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Tuesday, October 18, 2022

October 18, 2022: HUAC Histories: The Blacklist

[75 years ago, the House Committee on Un-American Activities (HCUA), usually referred to instead as the House Un-American Activities Committee (HUAC), built on its new status as a standing committee in the US House of Representatives and held its first trials. So this week I’ll AmericanStudy a handful of layers to that controversial committee and its influences and legacies, leading up to a weekend post on pop culture representations!]

On three stages to HUAC’s divisive and destructive attacks on cultural figures.

1)      The Hollywood Ten: In September 1947, not long after it became a standing committee, HUAC began its work by subpoenaing 79 Hollywood figures (mostly directors and screenwriters) under the claim that they had been adding Communist propaganda into their films. The majority chose to cooperate with the committee, but 19 resisted; of those, 10 eventually testified, challenging the committee’s narratives and authority and as a result becoming the first group of blacklisted individuals, known forever after as the Hollywood Ten. Their stories are of course individual and complicated, with some (like director Edward Dmytryk) eventually cooperating with the committee and others (like screenwriter Dalton Trumbo) becoming the face of both the blacklist and of resistance. But whatever their individual choices and arcs, this group of men embody the human effects of HUAC’s attacks.

2)      Red Channels: For the next few years HUAC’s hearings proceeded somewhat haphazardly, identifying and targeting individuals along the way. But in June 1950, the right-wing magazine Counterattack published a pamphlet entitled Red Channels: The Report of Communist Influence in Radio and Television. This document, which identified 151 purported Communist cultural figures—including not only filmmakers but writers, journalists, musicians, and more—became the basis for a far more systematic and wide-reaching blacklist, one that targeted all 151 of those figures and soon many more besides. While this text was not in any official way associated with HUAC, I would argue that it would never have existed were it not for HUAC’s presence and influence; these political and social voices and forces worked together to truly create the blacklist that would dominate the next decade in American culture.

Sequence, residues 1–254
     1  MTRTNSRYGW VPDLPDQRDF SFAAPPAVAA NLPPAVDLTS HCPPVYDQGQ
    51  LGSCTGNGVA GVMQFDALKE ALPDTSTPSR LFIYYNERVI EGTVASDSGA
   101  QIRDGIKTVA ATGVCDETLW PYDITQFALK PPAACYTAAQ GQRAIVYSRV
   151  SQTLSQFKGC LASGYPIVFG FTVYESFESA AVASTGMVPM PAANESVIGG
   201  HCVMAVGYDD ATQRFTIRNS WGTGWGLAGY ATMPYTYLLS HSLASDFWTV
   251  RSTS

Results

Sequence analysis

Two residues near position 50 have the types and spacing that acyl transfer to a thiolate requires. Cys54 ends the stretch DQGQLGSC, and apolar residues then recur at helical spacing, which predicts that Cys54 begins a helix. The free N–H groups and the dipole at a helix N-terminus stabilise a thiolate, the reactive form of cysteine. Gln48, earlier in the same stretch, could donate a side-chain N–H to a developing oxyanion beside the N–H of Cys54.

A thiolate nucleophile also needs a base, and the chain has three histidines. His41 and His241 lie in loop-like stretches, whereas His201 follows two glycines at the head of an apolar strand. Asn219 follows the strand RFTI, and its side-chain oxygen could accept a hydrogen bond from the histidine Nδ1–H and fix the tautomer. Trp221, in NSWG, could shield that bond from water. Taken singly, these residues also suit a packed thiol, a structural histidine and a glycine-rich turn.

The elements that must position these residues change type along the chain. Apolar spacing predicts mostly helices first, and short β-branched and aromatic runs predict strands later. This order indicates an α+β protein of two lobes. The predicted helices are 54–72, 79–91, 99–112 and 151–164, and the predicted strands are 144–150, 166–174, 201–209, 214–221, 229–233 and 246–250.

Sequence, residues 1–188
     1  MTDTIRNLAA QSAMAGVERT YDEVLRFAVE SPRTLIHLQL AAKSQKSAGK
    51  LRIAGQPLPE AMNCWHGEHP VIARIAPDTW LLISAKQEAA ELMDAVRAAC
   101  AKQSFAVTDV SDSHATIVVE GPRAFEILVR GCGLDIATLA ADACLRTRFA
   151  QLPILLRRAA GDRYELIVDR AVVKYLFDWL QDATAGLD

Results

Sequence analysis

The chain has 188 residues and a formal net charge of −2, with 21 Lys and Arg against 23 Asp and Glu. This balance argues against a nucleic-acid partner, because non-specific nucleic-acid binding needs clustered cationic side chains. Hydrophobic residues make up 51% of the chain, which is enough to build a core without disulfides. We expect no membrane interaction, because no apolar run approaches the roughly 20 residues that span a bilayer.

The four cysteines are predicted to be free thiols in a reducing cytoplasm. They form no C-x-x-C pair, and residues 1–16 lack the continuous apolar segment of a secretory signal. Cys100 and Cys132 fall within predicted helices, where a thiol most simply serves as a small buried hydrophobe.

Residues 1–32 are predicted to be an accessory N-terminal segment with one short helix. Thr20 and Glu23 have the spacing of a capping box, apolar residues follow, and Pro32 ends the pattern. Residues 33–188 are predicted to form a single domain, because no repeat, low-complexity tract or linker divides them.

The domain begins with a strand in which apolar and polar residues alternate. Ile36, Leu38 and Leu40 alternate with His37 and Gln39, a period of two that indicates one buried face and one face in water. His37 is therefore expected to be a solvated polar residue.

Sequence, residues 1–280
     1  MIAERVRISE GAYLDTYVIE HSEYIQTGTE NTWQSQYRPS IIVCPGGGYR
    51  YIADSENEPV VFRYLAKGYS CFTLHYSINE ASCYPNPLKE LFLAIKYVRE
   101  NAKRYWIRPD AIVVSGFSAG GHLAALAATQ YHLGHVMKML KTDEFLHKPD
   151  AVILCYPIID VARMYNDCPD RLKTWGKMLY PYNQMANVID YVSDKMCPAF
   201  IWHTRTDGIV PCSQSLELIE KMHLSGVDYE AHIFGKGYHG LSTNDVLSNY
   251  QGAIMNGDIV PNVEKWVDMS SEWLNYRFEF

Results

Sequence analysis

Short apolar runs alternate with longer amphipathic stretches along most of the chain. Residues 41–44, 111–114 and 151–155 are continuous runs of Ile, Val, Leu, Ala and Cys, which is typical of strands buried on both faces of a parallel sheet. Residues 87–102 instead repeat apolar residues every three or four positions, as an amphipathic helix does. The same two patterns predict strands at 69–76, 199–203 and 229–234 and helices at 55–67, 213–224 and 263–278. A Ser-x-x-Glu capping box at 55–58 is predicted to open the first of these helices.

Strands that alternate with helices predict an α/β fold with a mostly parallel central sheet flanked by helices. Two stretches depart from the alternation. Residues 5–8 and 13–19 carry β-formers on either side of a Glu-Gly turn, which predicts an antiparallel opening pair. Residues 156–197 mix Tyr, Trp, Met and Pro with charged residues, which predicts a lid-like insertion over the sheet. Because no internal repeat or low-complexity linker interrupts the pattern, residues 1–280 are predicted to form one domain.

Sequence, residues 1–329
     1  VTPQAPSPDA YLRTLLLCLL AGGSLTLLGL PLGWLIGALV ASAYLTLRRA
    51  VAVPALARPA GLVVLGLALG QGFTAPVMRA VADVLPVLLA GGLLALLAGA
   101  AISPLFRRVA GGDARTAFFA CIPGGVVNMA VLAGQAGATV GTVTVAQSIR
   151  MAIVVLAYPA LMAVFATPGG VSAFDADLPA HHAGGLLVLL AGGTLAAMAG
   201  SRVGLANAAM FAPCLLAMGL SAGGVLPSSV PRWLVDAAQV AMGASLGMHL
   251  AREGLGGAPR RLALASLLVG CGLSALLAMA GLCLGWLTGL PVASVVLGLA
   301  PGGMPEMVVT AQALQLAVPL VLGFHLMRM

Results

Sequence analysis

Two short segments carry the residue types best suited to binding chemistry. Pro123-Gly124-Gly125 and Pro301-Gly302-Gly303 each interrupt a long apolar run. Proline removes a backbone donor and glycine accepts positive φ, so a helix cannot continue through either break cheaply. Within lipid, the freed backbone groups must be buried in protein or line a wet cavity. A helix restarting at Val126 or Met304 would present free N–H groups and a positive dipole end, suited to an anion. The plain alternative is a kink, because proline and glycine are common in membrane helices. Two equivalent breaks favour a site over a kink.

3)      Faulk’s Pushback: That dominance was very real and destructive, and in some ways did not begin to truly change until Trumbo prominently found work in 1960 as the named screenwriter of the epic film Spartacus (thanks in no small measure to star Kirk Douglas’ advocacy for Trumbo). But nonetheless, there was definite and important pushback throughout the 1950s, and a leading figure in that resistance was comedian and radio host John Henry Faulk. Fired from CBS Radio for his alleged Communist sympathies, Faulk decided to sue AWARE, Inc., a private detective agency that had investigated him on HUAC’s behalf. While he did not win that lawsuit until 1962, its presence in the legal system as well as broader social and political conversations over these years made clear that the resistance exemplified from the outset by the Hollywood Ten had not dissipated. I’m glad we’ve started to better remember Dalton Trumbo, but certainly John Henry Faulk deserves a significant place in our collective memories as well.

Next HUAC histories tomorrow,


PS. What do you think? Other histories or contexts you’d highlight?

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